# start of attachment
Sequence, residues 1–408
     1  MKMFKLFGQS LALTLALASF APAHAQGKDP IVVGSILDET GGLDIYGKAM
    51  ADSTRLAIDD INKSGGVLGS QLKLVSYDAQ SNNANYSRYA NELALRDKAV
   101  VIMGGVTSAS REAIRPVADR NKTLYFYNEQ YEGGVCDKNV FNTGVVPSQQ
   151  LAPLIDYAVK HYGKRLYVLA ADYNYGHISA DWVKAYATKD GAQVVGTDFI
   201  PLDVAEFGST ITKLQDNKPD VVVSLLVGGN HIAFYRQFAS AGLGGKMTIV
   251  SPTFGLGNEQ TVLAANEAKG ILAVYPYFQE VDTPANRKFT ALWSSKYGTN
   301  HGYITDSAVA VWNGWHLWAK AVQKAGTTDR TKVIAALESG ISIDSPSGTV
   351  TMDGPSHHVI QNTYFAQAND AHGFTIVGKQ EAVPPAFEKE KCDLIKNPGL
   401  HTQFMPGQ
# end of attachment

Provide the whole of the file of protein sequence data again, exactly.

Sequence, residues 1–408
     1  MKMFKLFGQS LALTLALASF APAHAQGKDP IVVGSILDET GGLDIYGKAM
    51  ADSTRLAIDD INKSGGVLGS QLKLVSYDAQ SNNANYSRYA NELALRDKAV
   101  VIMGGVTSAS REAIRPVADR NKTLYFYNEQ YEGGVCDKNV FNTGVVPSQQ
   151  LAPLIDYAVK HYGKRLYVLA ADYNYGHISA DWVKAYATKD GAQVVGTDFI
   201  PLDVAEFGST ITKLQDNKPD VVVSLLVGGN HIAFYRQFAS AGLGGKMTIV
   251  SPTFGLGNEQ TVLAANEAKG ILAVYPYFQE VDTPANRKFT ALWSSKYGTN
   301  HGYITDSAVA VWNGWHLWAK AVQKAGTTDR TKVIAALESG ISIDSPSGTV
   351  TMDGPSHHVI QNTYFAQAND AHGFTIVGKQ EAVPPAFEKE KCDLIKNPGL
   401  HTQFMPGQ